Long term impact of giving antibiotics before skin incision versus after cord clamping on children born by caesarean section: protocol for a longitudinal study based on UK electronic health records

Research output: Contribution to journalArticle

Standard

Harvard

APA

Vancouver

Author

Bibtex

@article{80e9fc1d44c44e9e9029f5513ba678a9,
title = "Long term impact of giving antibiotics before skin incision versus after cord clamping on children born by caesarean section: protocol for a longitudinal study based on UK electronic health records",
abstract = "Introduction: In the UK, about a quarter of women give birth by caesarean section and are offered prophylactic broad-spectrum antibiotics to reduce the risk of maternal postpartum infection. In 2011, national guidance was changed from recommending antibiotics after the umbilical cord was cut to giving antibiotics prior to skin incision based on evidence that earlier administration reduces maternal infectious morbidity. Although antibiotics cross the placenta, there are no known short-term harms to the baby. This study aims to address the research gap on longer term impact of these antibiotics on child health.Methods and analysis: A controlled interrupted time series study will use anonymised mother-baby linked routine electronic health records for children born during 2006-2018 recorded in UK primary care (The Health Improvement Network, THIN, and Clinical Practice Research Datalink, CPRD) and secondary care (Hospital Episode Statistics, HES) databases. The primary outcomes of interest are asthma and eczema, two common allergy-related diseases in childhood. In-utero exposure to antibiotics immediately prior to caesarean section will be compared to no exposure when given after cord clamping. The risk of outcomes in children delivered by caesarean section will also be compared to a control cohort delivered vaginally to account for time effects. We will use all available data from THIN, CPRD and HES with estimated power of 80% and 90% to detect relative increase in risk of asthma of 16% and 18%, respectively at the 5% significance level.Ethics and dissemination: Ethical approval has been obtained from the University of Birmingham Ethical Review Committee with scientific approvals obtained from the independent scientific advisory committees from the Medicines and Healthcare products Regulatory Agency for CPRD and the data provider, IQVIA for THIN. The results will be published in peer-reviewed journals, presented at national and international conferences, and disseminated to stakeholders.",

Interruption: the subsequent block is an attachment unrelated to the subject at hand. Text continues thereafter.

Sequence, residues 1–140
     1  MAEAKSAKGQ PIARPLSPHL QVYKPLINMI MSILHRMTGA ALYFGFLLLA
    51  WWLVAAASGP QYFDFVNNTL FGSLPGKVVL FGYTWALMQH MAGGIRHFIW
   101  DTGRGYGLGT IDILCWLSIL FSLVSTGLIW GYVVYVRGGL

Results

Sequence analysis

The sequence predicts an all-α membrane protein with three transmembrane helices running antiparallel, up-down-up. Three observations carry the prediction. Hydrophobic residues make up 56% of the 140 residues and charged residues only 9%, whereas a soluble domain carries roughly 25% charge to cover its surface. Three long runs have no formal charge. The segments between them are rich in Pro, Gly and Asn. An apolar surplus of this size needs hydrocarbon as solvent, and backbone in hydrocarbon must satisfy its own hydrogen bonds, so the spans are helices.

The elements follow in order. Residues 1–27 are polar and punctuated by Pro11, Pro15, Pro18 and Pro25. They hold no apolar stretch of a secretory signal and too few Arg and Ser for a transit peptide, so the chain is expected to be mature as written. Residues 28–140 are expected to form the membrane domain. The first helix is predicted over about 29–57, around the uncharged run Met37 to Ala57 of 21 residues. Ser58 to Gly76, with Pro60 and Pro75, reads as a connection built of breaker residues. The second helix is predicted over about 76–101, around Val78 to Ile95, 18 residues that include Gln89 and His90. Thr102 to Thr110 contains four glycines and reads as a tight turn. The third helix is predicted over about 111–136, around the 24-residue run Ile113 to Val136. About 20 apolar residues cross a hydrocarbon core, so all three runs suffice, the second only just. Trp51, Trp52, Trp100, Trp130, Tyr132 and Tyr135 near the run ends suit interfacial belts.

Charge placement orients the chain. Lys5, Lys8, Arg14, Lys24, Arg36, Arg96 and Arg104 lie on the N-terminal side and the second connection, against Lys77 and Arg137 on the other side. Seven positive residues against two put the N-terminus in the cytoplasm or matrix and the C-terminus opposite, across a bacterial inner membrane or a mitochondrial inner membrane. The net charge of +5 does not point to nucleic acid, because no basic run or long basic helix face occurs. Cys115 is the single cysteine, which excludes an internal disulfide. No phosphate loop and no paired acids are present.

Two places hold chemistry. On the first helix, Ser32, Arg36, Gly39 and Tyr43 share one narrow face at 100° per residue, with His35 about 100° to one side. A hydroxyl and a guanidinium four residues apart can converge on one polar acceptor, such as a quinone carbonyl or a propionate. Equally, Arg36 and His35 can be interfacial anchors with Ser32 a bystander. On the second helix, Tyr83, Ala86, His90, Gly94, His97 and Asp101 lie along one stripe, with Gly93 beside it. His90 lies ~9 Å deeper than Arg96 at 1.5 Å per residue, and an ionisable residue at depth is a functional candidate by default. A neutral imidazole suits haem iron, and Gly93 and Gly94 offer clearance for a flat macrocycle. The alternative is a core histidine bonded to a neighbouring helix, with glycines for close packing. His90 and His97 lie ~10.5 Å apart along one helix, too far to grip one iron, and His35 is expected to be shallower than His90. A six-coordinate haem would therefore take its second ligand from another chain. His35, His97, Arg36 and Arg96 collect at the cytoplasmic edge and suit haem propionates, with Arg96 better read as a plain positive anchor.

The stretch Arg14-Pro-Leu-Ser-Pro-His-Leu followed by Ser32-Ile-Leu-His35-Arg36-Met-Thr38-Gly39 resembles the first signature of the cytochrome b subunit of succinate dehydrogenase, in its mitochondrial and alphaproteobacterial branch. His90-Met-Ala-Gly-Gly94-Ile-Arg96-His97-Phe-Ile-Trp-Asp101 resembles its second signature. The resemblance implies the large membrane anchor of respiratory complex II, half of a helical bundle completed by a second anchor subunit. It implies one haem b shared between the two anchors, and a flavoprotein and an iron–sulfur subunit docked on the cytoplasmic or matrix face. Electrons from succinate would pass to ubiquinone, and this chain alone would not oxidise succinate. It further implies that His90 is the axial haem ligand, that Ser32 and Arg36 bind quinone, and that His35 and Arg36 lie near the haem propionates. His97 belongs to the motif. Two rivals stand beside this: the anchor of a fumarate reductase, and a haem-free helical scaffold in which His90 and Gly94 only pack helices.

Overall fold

keywords = "Caesarean section, antibiotic prophylaxis, child, asthma, eczema, immune system diseases",
author = "Dana Sumilo and Krishnarajah Nirantharakumar and Willis, {Brian H} and Gavin Rudge and James Martin and Krishna Gokhale and Thaya Thayakaran and Nicola Adderley and Joht Chandan and Kelvin Okoth and Ruth Hewston and Magdalena Skrybant and Jon Deeks and Peter Brocklehurst",
year = "2019",
month = sep,
day = "26",
doi = "10.1136/bmjopen-2019-033013",
language = "English",
volume = "9",
journal = "BMJ open",
issn = "2044-6055",
publisher = "BMJ Publishing Group",
number = "9",

}

RIS

TY - JOUR

T1 - Long term impact of giving antibiotics before skin incision versus after cord clamping on children born by caesarean section

T2 - protocol for a longitudinal study based on UK electronic health records

AU - Sumilo, Dana

AU - Nirantharakumar, Krishnarajah

AU - Willis, Brian H

AU - Rudge, Gavin

AU - Martin, James

AU - Gokhale, Krishna

AU - Thayakaran, Thaya

AU - Adderley, Nicola

AU - Chandan, Joht

AU - Okoth, Kelvin

AU - Hewston, Ruth

AU - Skrybant, Magdalena

AU - Deeks, Jon

AU - Brocklehurst, Peter

PY - 2019/9/26

Y1 - 2019/9/26